Time to scrap paid family leave fantasy
The law specifies benefits of $250 per week for up to five weeks to workers taking time off as new parents. When it passed I called it a prime example of long-use politics: Gather the fans for a photo-op, light the fuse and leave before things blow.
The ceremony is held whenever legislators adopt lofty goals to be achieved sometime after the next election: every child a math whiz, the end of fossil fuels, toxin-free salmon in every pot. It's the celebration of an unfulfilled promise.
In the world of long fuses, paid family leaves stands apart. The flame was lit and swiftly extinguished. The fuse lengthened, reattached. Supporters pledge to do better, later, and the uncertainty continues.
When the law passed, the state treasury held a hefty reserve and the coming recession was only dimly perceived. Gov. Chris Gregoire said, "These are good times, these are exciting times."
That is, they were times of unsustainable spending. Yet even in that frothy bubble, lawmakers launched paid family leave with no funding plan and no administrative structure.
The task force appointed to find the money had no success and suggested tapping the general state budget. But by the end of 2008, good times turned bad; there was nothing to tap.
In 2009, the Legislature pushed the start date for benefits to 2012. Then, in 2011, they kicked it ahead to 2015. In December Gregoire proposed another suspension. Gov. Jay Inslee's spokesman says the governor supports the concept, but that the state can't afford it now.
The majority coalition in the state Senate thinks it's time to end the charade by repealing the law. The law's supporters also want to end the charade; they want to fund an expanded program.
Sen. John Braun, R-Centralia, sponsored the repeal bill.
"It's clear we don't have the money to pay for it," he says, acknowledging it may have been a good idea.
As backers of repeal point out, federal law already protects workers' right to take up to 12 weeks off, with health benefits, for family and medical reasons.
Sen. Karen Keiser, D-Kent, wants to inflate the promise. Her proposed legislation provides a weekly benefit of up to $1,000 for 12 weeks to care for a new child or sick family member. Employer and employees would share the cost of a premium to fund the program. She estimates it would cost $1 per week for a $50,000 earner, doubling in three years when disability benefits are added. Leading House Democrats support the expansion.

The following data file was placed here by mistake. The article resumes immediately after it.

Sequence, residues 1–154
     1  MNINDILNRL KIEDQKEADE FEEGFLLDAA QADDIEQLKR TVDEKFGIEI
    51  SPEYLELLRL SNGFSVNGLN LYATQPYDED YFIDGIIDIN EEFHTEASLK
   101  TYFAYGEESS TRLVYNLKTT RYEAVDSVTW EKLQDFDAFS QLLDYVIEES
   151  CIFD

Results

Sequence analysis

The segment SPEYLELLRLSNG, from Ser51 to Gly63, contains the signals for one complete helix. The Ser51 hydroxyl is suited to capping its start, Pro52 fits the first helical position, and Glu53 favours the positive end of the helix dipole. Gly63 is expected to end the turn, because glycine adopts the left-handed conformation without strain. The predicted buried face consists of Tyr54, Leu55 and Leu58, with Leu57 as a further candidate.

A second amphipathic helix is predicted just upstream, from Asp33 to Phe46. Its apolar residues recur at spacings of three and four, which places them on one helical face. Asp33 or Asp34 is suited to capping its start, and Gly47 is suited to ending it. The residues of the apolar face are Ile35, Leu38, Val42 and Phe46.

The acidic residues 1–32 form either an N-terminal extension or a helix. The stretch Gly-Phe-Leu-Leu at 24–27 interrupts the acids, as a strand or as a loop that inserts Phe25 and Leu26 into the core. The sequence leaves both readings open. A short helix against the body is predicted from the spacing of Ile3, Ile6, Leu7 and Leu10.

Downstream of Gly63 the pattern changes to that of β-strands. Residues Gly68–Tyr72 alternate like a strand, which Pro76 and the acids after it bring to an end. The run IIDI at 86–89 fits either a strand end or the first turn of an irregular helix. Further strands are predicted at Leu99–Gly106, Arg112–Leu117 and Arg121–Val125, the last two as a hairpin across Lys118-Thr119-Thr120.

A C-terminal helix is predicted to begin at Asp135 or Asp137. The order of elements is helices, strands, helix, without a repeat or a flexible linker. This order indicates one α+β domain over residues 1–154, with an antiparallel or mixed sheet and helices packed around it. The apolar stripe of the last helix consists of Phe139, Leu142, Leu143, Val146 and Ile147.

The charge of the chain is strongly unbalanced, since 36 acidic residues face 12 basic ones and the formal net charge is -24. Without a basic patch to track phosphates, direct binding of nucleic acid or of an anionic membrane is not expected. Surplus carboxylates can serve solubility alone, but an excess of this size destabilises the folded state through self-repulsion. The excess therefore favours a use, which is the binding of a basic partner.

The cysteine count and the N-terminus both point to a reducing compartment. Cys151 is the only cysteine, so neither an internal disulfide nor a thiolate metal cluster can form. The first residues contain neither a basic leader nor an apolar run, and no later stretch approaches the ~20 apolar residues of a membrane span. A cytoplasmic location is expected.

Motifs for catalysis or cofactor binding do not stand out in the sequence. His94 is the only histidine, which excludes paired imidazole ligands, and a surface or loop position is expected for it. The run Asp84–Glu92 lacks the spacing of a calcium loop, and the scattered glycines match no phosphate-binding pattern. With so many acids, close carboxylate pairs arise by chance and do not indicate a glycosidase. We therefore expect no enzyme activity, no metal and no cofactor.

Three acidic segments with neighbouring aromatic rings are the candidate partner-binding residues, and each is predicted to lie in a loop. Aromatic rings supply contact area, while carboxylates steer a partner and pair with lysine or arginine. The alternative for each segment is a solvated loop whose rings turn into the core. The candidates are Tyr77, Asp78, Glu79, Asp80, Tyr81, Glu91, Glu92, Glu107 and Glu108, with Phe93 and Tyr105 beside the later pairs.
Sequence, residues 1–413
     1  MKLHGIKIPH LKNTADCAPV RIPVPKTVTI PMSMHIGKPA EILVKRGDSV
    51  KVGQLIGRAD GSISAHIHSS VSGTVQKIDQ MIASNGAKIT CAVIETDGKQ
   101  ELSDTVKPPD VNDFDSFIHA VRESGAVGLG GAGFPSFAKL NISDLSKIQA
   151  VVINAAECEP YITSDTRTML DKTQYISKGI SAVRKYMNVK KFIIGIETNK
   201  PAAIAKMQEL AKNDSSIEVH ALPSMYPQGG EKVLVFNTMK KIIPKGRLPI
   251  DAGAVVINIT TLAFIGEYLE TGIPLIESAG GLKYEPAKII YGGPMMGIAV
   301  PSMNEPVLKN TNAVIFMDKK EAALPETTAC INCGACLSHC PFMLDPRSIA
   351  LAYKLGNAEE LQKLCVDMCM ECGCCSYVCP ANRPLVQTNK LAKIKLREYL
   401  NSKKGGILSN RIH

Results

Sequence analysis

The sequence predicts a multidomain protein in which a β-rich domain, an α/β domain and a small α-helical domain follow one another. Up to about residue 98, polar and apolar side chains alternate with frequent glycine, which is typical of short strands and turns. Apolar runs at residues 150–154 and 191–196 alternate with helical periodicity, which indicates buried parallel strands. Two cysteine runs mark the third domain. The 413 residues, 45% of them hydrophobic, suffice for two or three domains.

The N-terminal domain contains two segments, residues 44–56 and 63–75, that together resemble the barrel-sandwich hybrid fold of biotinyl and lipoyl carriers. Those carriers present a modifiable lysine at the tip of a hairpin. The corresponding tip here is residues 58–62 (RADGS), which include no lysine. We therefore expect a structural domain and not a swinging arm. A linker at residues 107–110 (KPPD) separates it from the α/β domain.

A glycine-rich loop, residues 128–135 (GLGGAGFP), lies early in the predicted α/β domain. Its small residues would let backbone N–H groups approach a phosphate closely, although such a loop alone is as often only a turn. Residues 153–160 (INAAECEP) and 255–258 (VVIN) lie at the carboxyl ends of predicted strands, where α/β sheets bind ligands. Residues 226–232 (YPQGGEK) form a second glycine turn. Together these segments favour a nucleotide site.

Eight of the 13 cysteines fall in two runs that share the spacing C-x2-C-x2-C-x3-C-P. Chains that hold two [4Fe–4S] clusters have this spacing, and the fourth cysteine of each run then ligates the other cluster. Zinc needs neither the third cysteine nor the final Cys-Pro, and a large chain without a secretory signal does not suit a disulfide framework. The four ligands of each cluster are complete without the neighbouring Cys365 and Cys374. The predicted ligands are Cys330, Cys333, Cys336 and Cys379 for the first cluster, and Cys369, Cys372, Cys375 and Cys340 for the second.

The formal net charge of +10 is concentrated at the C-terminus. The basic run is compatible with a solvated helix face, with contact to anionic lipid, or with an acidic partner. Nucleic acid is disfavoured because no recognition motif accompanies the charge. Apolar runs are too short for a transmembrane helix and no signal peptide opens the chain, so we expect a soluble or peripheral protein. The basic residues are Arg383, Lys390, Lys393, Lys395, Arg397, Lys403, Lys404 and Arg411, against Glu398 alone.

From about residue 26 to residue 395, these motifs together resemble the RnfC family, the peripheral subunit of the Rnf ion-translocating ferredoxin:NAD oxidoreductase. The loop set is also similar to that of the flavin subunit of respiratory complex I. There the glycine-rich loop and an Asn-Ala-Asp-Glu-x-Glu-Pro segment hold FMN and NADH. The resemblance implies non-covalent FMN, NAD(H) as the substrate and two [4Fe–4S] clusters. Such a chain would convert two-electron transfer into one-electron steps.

Usually, mission creep occurs after a program demonstrates success. Here the leap to creep occurs while the program sits on the runway.
The move to expand entitlements runs counter to the trend in most states. Walter Russell Mead, who has written extensively about the decline of the "blue social model," says its costs render it a relic of the past, making the red-blue division less relevant.
"There's no going back to blue, and using public resources to prop up the old system is a waste of those resources and a hurtful diversion from the need to figure out what we do next," he writes.
States, unlike the federal government, confront fiscal realities with an immediacy that cannot long be finessed. Budgets must balance. Even the bluest cities and states, Mead notes, have been cutting unsustainable pensions and benefits and reducing their workforces.
The transition to what's next he sees as "a time of adventure, innovation and creativity."
Less encumbered by bureaucracy and politics, business owners have been responding to global competitive pressures and transformative economic and demographic changes for decades. They know how to attract, retain and reward good employees. Rather than impose new, costly and inflexible regulations on them, lawmakers should encourage them to innovate. Provide incentives, possibly, but scrap the paid family leave mandate.
Richard S. Davis is president of the Washington Research Council. His email address is firstname.lastname@example.org
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